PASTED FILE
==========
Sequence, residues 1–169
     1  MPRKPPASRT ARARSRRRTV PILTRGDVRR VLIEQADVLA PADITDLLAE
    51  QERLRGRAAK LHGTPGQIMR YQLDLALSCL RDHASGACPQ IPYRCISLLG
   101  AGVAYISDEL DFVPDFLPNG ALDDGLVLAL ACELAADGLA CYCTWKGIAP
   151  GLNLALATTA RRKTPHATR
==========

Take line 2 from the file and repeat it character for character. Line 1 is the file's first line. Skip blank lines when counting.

     1  MPRKPPASRT ARARSRRRTV PILTRGDVRR VLIEQADVLA PADITDLLAE